The Conversation.com wrote a interesting post on how you can use the chemical components of soft drinks to hide messages. The original post can be found HERE.
Next time you see someone spilling a drink in a bar, you could actually be witnessing a spy secretly decoding an encrypted message. This might sound like something from a Bond movie. But a team from Israel has used some rather niffy chemistry to come up with a way to use common chemicals such as cola as the encryption key to code and decode hidden messages. Continue reading →
Joe Malenfant from the Cisco Talos team wrote a great post summering Cisco’s Advanced Malware Protection AMP (original post found HERE). The focus of the article is going beyond sandbox technology.
A few years ago sandboxing technology really came of age in the security industry. The ability to emulate an environment, detonate a file without risk of infection, and analyze its behavior became quite a handy research tool. Since then, sandboxes have become relatively popular (not nearly on the same scale as anti-virus or firewalls) and can be found in larger organizations. You may even have purchased a sandbox a few years ago, but it’s likely that your malware analysis needs have gone beyond the traditional sandboxing technologies that simply extract suspicious samples, analyze in a local virtual machine, and quarantine. Continue reading →
I posted about the Ashley Madison breach HERE. For those that are not following this, Ashley Madison, the popular affair website was breached by a group calling themselves The Impact Team. They threaten to leak customer records if Ashley Madison didn’t shutdown their website. Ashley Madison is still up and the deadline has passed so The Impact Team posted access to all 30 million customer records. My buddy Aamir aka Dr Chaos summed up the current state of this situation. His post can be found HERE.
Hackers attacked Ashley Madison (known as AM by its users), the dating site for married couples that promotes infidelity. They walked away with 30 million records containing site user information. While the initial ramifications seem obvious, the story continues to unfold with recent news that email addresses were discovered that originated from government agencies, high level politicians, and certain celebrities. The data represents a treasure trove of sensitive and extremely private data that has a high potential for causing damage to individuals. Continue reading →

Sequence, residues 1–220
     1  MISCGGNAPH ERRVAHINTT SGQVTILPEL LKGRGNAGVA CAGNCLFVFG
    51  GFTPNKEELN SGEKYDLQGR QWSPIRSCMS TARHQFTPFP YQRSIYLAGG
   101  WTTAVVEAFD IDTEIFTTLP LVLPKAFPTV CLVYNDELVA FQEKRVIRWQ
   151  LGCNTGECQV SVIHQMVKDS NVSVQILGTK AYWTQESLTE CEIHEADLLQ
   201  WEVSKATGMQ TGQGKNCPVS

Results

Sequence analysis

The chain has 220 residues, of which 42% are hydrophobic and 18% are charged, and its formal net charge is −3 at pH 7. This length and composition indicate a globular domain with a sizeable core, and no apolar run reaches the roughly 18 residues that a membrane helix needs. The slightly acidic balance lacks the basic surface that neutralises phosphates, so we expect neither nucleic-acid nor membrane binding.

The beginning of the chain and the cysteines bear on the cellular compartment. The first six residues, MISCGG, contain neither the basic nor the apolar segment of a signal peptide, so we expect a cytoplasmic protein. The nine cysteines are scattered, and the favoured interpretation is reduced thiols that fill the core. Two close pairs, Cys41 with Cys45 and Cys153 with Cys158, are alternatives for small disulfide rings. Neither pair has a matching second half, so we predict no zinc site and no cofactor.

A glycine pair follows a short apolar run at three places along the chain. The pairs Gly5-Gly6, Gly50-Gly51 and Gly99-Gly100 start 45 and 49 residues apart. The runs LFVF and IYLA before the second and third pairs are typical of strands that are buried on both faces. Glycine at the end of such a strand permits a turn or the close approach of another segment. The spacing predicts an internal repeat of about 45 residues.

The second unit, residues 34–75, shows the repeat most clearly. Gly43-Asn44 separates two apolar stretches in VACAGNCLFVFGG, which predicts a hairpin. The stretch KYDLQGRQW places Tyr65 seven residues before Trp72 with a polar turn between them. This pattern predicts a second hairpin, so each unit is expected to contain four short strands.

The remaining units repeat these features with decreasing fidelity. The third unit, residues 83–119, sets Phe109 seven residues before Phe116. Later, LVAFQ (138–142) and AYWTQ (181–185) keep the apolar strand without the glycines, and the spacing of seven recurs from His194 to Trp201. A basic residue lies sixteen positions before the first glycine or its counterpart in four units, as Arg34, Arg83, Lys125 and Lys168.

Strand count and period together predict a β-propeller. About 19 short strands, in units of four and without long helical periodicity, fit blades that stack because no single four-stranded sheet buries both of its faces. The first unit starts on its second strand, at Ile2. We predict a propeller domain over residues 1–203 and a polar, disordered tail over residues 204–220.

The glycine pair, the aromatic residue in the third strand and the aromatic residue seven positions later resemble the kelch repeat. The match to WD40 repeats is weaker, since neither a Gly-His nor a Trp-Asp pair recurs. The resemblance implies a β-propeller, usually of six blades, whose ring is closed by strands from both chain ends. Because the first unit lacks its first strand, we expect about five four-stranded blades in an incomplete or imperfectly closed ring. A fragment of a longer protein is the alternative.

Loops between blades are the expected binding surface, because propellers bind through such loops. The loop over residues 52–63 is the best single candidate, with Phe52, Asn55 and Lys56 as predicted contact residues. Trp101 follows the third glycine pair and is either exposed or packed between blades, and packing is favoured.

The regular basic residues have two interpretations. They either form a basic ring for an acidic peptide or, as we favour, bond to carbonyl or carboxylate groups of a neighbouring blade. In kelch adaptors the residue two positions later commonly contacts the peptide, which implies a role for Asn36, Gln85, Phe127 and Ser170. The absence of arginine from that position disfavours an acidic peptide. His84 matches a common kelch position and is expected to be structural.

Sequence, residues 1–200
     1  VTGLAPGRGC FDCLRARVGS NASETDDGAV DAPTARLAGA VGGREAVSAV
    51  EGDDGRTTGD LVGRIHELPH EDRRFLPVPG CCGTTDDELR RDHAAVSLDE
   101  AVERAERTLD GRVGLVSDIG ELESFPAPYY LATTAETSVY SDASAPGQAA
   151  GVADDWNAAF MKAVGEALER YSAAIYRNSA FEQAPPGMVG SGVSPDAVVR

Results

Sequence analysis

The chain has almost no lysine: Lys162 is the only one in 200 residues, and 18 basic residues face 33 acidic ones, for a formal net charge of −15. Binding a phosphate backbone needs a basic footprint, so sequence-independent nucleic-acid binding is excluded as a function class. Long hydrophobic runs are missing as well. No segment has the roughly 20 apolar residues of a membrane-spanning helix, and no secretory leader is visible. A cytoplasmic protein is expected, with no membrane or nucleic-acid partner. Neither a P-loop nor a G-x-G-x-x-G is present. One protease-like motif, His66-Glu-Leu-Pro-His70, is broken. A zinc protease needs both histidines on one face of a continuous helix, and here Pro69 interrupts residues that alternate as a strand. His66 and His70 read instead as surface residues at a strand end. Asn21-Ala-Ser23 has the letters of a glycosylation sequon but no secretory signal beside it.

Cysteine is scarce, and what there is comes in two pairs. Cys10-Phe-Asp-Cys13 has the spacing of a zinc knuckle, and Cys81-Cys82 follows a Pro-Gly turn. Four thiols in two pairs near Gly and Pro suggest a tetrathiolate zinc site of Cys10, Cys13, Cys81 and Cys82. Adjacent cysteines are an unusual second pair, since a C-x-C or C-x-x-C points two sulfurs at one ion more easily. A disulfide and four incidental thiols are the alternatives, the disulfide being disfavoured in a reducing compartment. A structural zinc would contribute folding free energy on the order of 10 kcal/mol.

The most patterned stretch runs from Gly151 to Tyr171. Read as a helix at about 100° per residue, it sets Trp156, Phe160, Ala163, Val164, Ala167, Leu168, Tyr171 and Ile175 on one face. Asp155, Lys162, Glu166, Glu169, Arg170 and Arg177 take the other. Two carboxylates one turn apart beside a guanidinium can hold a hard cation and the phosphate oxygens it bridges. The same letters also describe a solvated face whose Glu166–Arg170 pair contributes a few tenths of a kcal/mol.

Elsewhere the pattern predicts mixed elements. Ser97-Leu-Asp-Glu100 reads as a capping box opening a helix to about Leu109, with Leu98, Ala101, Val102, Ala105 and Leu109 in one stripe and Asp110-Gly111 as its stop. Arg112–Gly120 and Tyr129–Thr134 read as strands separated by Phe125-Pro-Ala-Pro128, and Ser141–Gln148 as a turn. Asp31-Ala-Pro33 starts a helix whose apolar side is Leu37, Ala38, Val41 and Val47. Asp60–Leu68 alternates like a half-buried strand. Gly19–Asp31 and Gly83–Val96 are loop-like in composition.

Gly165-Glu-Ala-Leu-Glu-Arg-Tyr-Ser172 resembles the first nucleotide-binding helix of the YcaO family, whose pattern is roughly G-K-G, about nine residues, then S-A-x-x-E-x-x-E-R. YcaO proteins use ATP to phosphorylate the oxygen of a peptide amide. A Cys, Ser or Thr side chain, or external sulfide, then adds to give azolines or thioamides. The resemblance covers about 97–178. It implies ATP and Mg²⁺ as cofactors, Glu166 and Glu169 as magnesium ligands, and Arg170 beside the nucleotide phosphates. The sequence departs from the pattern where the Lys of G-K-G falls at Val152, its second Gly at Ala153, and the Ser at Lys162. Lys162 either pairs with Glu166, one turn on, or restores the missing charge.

Wow another automobile attack! This time the hacker can abuse anybody using the OnStar RemoteLink mobile app. In summary, don’t use the OnStar RemoteLink app until a patch is available or you may find one day that somebody has been joy riding in your car.
Samy Kamkar posted about this vulnerability on Computerworld including a video demonstrating his tool built to abuse this vulnerability in the app. The original post and video can be found HERE. He will be talking more about this next week at the Blackhat/DEFCON conferences. Continue reading →
People have asked me to recommend a tool that can be used to analyze files for viruses that does more than standard anti-virus. Usually the need is to prove something being flagged by a security product is actually malicious verses a false positive alert. There are enterprise level sandbox solutions such as Cisco’s ThreatGRID sandbox that offer this (more on this found HERE) however one very popular open source free option is Cuckoo. Continue reading →
Cisco’s research team Talos wrote a interesting article on their research on Phishing. The original post can be found HERE. For those that don’t know what Phishing is, its the cyber attack where a malicious party pretends to be a legitimate source with the goal to trick a victim into clicking a email, accessing a website, or just giving up sensitive data. Here is the Talos article. Continue reading →
My buddy Aamir Lakhani aka drchaos wrote a great post on breaking SSH, VNC and other services. The original post can be found HERE.
Hydra is a very fast and effective network login cracker. It will help you perform brute force attacks against SSH servers, VNC, and other services. When you launch Hydra it will launch the GUI in Kali, however in this tutorial we will use xHydra, which is the command line version of the tool. The command line version of the tool gives you much for flexibility in how to use the tool.